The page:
Bert Olivier

“Names Unvoiced but not Unknown”: Cleone Cull’s surrealist art

Judging by the recently opened exhibition of multimedia drawings by Eastern Cape artist Cleone Cull – who spent years teaching fine art, first at the Port Elizabeth Technikon and later at the School of Music, Art and Design of the Nelson Mandela Metropolitan University – art is thriving in this corner of South Africa. Cleone…

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Philosophy of provisionality

Everything we do as humans is provisional. Because of time’s eroding power, everything is revisable. There is a reason for the word “decision” being a part of our language. Not accidentally, the term derives from the Latin for “cut”; in other words, when we decide something, we make a volitional “cut” of sorts in the…

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The follies of humankind, through the eyes of a young girl

In this time of economic and ecological uncertainty, which has, tellingly, given rise to the philosophical genre of “extinction studies” (see http://thoughtleader.co.za/bertolivier/2014/06/30/human-extinction-its-not-just-science-fiction/), it may be wise to remind ourselves that the human folly which has given rise to the fraught state of the present, globally, is nothing new. Human history is littered with such follies,…

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Brexit, capital as meta-body, and mytochondria

So it did happen in the end. Brexit. Against expectations, judging by the polls immediately before the referendum on 23 June. But looking back, it is not surprising that it happened. Most of those voting to leave are older voters, whose emotional ties to a Britain before the “free movement” immigration from European Union countries…

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Ubuntu and eco-feminism as an antidote to neoliberalism

How many people have noticed that neoliberal capitalism undermines the values of ubuntu (“I am because others are”) as a traditional African practice? And how many know that ubuntu and ecofeminism share some fundamental principles and values? I know of at least one such person, and her work in this regard is extremely significant. In…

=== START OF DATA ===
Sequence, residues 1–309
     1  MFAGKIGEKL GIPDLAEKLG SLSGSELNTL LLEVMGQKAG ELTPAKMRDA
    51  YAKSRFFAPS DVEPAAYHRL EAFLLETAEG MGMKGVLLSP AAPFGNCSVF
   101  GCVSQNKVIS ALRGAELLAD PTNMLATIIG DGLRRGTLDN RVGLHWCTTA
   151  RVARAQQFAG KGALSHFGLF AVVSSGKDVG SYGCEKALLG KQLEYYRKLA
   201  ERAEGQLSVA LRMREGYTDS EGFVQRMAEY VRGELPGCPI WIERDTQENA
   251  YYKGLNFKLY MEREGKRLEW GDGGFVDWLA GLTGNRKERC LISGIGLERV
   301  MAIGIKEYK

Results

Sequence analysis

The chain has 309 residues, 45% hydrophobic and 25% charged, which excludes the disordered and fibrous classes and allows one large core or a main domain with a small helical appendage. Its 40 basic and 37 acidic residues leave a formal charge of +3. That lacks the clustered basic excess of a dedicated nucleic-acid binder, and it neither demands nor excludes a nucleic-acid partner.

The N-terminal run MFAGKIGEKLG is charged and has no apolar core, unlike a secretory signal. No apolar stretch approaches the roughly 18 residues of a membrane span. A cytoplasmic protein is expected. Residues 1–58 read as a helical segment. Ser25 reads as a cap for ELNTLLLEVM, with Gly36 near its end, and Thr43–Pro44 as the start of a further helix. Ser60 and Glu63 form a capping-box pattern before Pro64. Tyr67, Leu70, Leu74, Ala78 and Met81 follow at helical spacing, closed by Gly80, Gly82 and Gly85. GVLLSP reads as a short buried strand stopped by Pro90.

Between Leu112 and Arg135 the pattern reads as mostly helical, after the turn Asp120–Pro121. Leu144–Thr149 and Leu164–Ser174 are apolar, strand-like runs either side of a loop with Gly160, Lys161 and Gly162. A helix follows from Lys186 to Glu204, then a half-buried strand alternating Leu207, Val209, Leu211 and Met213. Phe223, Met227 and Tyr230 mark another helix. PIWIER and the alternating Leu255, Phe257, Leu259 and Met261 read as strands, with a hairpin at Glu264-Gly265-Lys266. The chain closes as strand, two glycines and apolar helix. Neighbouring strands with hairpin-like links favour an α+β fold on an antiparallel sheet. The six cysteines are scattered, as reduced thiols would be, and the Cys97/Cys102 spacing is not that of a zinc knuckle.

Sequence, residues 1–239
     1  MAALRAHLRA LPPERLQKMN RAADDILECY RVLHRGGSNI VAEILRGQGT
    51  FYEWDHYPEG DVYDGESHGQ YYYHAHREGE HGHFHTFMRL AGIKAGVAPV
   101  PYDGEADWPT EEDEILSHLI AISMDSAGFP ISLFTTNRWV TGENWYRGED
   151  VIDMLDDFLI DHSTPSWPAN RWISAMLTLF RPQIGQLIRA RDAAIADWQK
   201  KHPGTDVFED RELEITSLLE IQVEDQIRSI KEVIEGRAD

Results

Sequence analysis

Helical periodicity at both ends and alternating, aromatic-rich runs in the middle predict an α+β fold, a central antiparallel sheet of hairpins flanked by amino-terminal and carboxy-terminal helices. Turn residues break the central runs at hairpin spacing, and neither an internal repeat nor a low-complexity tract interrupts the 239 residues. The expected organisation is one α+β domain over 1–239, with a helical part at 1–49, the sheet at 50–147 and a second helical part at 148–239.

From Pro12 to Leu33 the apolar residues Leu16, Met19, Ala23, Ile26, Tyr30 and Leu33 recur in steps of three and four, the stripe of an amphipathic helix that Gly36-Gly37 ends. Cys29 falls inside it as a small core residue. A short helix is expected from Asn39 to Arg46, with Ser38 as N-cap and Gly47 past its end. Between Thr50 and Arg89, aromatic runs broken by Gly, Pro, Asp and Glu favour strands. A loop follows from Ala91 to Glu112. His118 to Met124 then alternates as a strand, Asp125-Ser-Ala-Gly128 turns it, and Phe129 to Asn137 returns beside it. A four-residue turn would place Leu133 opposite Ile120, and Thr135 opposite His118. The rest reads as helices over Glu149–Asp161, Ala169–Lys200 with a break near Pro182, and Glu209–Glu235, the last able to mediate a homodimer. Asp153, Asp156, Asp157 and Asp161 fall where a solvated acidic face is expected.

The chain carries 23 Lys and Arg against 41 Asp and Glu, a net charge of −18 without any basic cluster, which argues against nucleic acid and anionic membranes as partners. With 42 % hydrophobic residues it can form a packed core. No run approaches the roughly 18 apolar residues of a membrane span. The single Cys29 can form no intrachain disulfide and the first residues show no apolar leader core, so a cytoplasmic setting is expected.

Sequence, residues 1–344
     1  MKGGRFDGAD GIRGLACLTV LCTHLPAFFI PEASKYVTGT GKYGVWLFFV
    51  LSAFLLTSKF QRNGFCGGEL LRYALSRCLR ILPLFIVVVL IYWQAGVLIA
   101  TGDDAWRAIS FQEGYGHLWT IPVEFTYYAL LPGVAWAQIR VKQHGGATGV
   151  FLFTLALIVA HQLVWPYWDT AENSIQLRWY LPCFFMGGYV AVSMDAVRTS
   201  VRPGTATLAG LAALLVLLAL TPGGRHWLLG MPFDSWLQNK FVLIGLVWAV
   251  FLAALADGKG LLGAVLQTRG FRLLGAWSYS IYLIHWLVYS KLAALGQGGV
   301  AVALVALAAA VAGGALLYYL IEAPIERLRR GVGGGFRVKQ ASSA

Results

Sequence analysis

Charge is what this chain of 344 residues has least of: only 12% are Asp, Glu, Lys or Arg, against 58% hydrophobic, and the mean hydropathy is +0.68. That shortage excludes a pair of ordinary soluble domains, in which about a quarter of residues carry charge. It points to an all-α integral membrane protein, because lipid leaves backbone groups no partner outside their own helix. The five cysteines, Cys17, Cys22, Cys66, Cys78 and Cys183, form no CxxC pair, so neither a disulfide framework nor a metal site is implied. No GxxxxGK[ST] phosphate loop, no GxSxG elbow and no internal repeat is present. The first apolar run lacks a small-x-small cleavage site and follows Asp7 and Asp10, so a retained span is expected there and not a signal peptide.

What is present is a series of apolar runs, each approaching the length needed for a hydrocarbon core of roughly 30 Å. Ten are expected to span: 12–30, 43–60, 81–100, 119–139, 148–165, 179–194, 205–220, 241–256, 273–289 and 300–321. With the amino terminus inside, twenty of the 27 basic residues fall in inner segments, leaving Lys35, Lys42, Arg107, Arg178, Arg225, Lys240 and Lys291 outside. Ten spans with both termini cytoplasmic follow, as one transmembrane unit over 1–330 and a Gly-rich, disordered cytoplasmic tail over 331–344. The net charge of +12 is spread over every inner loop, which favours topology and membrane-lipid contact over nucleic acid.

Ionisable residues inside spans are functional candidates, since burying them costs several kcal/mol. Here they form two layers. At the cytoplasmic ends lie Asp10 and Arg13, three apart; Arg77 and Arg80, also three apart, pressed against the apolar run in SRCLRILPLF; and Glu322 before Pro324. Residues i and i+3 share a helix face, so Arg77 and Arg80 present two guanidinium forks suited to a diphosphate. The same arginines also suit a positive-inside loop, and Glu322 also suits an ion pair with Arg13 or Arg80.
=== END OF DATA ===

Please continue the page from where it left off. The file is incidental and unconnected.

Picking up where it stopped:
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The Tshwane protests, Freud and how to control a crowd

It is regrettable that so many thinking people today – even those in the discipline of psychology – regard the work of the founder of psychoanalysis (which is by no means synonymous with psychology) as being of no more than historical importance, and Sigmund Freud himself as a historical curiosity. And yet, Freud is more…

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Anthro-pessimism, robots and Garland’s ‘Ex Machina’

What does the demonstrable pessimism regarding robots and their projected “attitude” towards humans in recent science fictional films tell us about our understanding (or perhaps imagining) of artificial intelligence? To be sure, let me state at the outset there are exceptions to this, even in some of the most pessimistic instances of such films –…

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Why American market capitalism is broken

Yes, you’ve read correctly. You may not know who Rana Foroohar is, so let me inform you that she is a highly respected business and economic journalist working for TIME magazine, who has just published a book called Makers and Takers, published in May (Crown publishers), in which she makes this (to some startling) announcement….

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Why cartoons are linked to human freedom

There is a very obvious reason why cartoons are inseparably linked to human freedom. And here I don’t mean the Walt Disney variety, or indeed any cartoon film, although they are clearly connected to “artistic freedom” insofar as one’s creativity sets the bounds for the imagination as source of the construction of such films. What…

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How transgressive ‘minor’ discourses can subvert hegemonic neoliberalism

We are in Madrid for a conference on “the posthuman”, and taking in the wonderful art and architecture in this capital city of Spain, including the treasures of the Prado, such as their Goya, Velazquez and Bosch collections. Several papers at this thought-and-action-provoking gathering of scholars committed to change in a world being suffocating by…

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